Academic journal article Military Review

In the Combat Zone: Special Forces since 1945

Academic journal article Military Review

In the Combat Zone: Special Forces since 1945

Article excerpt

IN THE COMBAT ZONE: Special Forces Since 1945 by Robin Neillands. 350 pages. New York University Press, New York. 1999. $25.95.

Robin Neillands concentrates on US and British units in what he calls "the story of special forces since 1945." His goal is to describe how special forces have "developed, expanded and changed." He also desires to dispel the "Rambo" myth of the typical special forces soldier.

A significant problem Neillands faces is one of definition. Early in the book, he advises the reader that all units mentioned are special forces (SF) or special operations forces (SOF). Later he admits that the term "special force"-a term not in the US military lexicon-has various meanings in different countries. He places US Army Special Forces, US Navy SEALs, the Army's Delta Force and the British Special Air Service in the SF category. He lumps parachute units, the US Marine Corps, US Army Rangers and the French Foreign Legion in the SOF category. These categories are especially confusing for American readers because there is a clearly defined difference between the two components in the US military. For example, in the United States, Marines are not considered special operations forces.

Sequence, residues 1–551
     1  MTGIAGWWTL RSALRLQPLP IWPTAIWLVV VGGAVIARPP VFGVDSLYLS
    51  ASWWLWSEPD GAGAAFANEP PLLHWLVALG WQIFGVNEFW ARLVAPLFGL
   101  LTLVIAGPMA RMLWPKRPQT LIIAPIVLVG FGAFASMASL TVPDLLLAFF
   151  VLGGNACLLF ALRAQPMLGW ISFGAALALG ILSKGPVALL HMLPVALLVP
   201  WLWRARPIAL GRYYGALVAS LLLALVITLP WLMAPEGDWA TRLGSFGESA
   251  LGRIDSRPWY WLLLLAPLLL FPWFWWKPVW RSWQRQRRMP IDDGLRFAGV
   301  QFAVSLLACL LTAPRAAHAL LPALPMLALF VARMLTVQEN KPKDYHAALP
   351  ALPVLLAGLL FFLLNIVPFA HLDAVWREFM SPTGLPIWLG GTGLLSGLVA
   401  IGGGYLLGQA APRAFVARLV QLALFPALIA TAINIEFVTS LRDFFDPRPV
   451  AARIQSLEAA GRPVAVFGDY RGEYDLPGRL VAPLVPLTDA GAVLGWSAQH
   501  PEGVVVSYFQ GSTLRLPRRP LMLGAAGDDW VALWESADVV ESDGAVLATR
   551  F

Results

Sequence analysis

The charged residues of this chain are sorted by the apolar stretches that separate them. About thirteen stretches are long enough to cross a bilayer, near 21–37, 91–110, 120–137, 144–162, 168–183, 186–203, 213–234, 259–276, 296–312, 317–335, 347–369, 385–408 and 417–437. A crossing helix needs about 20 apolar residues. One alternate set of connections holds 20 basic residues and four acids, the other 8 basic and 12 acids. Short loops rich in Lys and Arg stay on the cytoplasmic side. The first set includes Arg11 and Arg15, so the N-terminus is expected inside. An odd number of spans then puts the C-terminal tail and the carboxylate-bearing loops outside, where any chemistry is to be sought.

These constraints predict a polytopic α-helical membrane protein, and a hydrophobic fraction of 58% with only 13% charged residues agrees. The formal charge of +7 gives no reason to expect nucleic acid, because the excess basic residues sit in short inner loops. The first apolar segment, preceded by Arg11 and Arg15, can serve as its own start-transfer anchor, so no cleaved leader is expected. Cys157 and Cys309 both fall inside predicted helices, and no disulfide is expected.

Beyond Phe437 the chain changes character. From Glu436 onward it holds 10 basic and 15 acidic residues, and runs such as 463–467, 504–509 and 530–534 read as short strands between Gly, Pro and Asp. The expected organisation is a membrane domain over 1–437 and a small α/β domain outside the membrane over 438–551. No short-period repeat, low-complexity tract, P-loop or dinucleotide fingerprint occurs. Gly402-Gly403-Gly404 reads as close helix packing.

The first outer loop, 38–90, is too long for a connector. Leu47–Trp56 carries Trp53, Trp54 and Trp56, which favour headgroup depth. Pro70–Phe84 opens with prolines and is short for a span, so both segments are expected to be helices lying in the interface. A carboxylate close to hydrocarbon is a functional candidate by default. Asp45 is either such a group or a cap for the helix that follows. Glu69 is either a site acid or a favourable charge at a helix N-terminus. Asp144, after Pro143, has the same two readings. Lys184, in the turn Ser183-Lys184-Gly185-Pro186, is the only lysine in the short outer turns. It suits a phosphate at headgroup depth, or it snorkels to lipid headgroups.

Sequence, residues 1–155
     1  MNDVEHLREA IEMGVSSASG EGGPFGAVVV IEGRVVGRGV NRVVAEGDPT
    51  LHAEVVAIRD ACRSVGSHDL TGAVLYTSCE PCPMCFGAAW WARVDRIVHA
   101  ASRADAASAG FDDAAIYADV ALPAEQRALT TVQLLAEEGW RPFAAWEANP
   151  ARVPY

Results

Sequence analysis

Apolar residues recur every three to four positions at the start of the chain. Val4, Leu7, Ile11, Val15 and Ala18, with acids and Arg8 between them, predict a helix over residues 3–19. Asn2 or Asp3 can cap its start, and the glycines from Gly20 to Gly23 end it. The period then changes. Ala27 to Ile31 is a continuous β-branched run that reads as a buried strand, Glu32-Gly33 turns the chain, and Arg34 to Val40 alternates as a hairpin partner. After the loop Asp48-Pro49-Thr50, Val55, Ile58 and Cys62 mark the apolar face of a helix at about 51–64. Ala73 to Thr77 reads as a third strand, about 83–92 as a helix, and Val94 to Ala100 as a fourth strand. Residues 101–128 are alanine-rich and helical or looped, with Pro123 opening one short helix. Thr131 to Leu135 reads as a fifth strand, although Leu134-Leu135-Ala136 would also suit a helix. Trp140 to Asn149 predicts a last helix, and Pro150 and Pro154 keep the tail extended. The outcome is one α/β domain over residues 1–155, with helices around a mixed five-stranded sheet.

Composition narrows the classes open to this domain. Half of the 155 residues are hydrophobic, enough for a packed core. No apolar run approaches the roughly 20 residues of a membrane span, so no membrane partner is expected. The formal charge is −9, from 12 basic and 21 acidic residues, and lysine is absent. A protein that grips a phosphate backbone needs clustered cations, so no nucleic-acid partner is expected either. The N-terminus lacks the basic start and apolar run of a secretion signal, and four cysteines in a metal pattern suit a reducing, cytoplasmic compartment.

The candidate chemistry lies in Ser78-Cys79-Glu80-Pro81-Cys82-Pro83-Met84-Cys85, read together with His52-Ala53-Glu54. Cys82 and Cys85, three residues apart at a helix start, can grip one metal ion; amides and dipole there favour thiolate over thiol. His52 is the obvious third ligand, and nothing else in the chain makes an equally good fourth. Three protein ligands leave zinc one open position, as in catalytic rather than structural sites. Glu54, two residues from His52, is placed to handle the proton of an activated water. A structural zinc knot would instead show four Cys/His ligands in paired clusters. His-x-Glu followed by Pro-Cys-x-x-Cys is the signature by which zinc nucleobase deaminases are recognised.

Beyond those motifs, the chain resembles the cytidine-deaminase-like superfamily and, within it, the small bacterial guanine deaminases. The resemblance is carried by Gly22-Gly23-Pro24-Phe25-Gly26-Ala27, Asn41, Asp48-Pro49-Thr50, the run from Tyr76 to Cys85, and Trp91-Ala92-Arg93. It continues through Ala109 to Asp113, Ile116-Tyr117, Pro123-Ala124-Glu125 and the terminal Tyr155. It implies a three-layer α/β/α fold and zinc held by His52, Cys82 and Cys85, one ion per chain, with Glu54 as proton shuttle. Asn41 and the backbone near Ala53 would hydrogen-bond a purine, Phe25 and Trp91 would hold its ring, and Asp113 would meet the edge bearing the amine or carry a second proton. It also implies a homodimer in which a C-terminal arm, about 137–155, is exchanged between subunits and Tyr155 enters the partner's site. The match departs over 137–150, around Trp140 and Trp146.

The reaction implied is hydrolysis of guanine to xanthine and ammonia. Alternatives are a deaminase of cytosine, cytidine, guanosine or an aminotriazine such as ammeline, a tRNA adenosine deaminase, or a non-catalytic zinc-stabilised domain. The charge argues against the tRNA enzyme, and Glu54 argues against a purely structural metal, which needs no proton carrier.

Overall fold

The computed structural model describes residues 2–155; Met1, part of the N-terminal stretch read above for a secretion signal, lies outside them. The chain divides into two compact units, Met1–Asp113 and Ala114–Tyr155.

Neillands ignores civil affairs, psychological operations and aviation units included in the US military definition. The British army also distinguishes between units that conduct special military operations, including SF operations, such as the Special Air Service and Special Boat Service, and conventional units having special purposes, such as parachute and marine units. …

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